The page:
But the performance loss is already kinda less than I feared, especially since we haven’t done anything particularly fancy with performance yet.
I don’t yet have any systematic benchmark-numbers, and we currently have some kinda stupid bottlenecks that should be very possible to solve. So I’m reluctant to spend much time on benchmarking until those are fixed. Let’s just say that I can play Quake 3 at tolerable frame rates right now ;)
But OK, I will say this: I currently get around 475 FPS on glxgears on top of Zink on my system. The i965 driver gives me around 1750 FPS. Don’t read too much into those results, though; glxgears isn’t a good benchmark. But for that particular workload, we’re about a quarter of the performance. As I said, I don’t think glxgears is a very good benchmark, but it’s the only thing somewhat reproducible that I’ve run so far, so it’s the only numbers I have. I’ll certainly be doing some proper benchmarking in the future.
In the end, I suspect that the pipeline-caching is going to be the big hot-spot. There’s a lot of state to hash, and finally compare once a hit has been found. We have some decent ideas on how to speed it up, but there’s probably going to be some point where we simply can’t get it any better.
But even then, perhaps we could introduce some OpenGL extension that allows an application to “freeze” the render-state into some objects, similar to Vertex Array Objects, and that way completely bypass this problem for applications willing to do a bit of support-code? The future will tell…
All in all, I’m not too worried about this yet. We’re still early in the project, and I don’t see any major, impenetrable walls.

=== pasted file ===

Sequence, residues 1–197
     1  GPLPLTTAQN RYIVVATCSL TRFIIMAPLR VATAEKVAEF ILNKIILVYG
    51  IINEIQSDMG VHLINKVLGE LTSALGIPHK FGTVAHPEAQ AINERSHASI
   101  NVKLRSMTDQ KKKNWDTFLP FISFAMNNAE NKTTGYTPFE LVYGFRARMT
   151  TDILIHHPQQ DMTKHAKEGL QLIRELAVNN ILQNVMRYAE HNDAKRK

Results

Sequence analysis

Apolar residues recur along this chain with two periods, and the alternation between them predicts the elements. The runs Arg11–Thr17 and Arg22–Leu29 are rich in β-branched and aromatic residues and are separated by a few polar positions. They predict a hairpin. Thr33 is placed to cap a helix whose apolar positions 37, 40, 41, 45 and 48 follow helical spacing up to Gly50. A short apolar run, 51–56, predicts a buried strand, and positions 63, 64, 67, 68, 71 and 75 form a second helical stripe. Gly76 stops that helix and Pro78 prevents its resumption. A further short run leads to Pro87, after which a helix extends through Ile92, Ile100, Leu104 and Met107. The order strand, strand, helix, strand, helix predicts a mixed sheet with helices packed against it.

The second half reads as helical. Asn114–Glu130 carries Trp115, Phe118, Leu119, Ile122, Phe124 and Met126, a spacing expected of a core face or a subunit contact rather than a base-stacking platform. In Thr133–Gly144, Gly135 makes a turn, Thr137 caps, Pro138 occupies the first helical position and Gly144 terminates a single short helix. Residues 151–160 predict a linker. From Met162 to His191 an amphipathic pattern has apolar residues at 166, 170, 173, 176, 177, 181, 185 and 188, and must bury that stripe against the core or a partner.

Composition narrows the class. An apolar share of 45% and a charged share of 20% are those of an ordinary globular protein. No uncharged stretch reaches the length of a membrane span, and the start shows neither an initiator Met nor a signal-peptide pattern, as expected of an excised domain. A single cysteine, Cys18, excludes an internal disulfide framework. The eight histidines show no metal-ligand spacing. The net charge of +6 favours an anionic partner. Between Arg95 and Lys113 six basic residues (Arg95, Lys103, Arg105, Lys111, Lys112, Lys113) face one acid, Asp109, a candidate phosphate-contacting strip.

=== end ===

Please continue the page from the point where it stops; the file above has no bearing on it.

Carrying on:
How to use Zink
Zink is only available as source code at the moment. No distro-packages exits yet.
In order to build Zink, you need the following:
The code currently lives in the zink-branch in my Mesa fork.
The first thing you have to do, is to clone the repository and build the
zink-branch. Even though Mesa has an autotools build-system, Zink only
supports the Meson build-system. Remember to enable the
-Dgallium-drivers=zink) when configuring the build.
Install the driver somewhere appropriate, and use the
environment variable to force the
zink-driver. From here you should be able
to run many OpenGL applications using Zink.
Here’s a rough recipe:
$ git clone https://gitlab.freedesktop.org/kusma/mesa.git mesa-zink Cloning into 'mesa-zink'... ... Checking out files: 100% (5982/5982), done. $ cd mesa-zink $ git checkout zink Branch 'zink' set up to track remote branch 'zink' from 'origin'. Switched to a new branch 'zink' $ meson --prefix=/tmp/zink -Dgallium-drivers=zink build-zink The Meson build system ... Found ninja-X.Y.Z at /usr/bin/ninja $ ninja -C build-zink install ninja: Entering directory `build-zink' ... installing /home/kusma/temp/mesa-zink/build-zink/src/gallium/targets/dri/libgallium_dri.so to /tmp/zink/lib64/dri/zink_dri.so $ LIBGL_DRIVERS_PATH=/tmp/zink/lib64/dri/ MESA_LOADER_DRIVER_OVERRIDE=zink glxgears -info GL_RENDERER = zink (Intel(R) UHD Graphics 620 (Kabylake GT2)) GL_VERSION = 2.1 Mesa 18.3.0-devel (git-395b12c2d7) GL_VENDOR = Collabora Ltd GL_EXTENSIONS = GL_ARB_multisample GL_EXT_abgr ...
Currently, the development happens on
#dri-devel on Freenode.
Ping me (my handle is
kusma) with a link your branch, and I’ll take a look.
Where do we go from here?
Well, I think “forwards” is the only way to move 😉. I’m currently working 1-2 days per week on this at Collabora, so things will keep moving forward on my end. In addition, Dave Airlie seems to have a high momentum at the moment also. He has a work-in-progress branch that hints at GL 3.3 being around the corner!
I also don’t think there’s any fundamental reason why we shouldn’t be able to get to full OpenGL 4.6 eventually.
Besides the features, I also want to try to get this upstream in Mesa in some not-too-distant future. I think we’re already beyond the point where Zink is useful.
I also would like to point out that David Airlie of RedHat has contributed a lot of great patches, greatly advancing Zink from what it was before his help! At this point, he has implemented at least as many features as I have. So this is very much his accomplishment as well.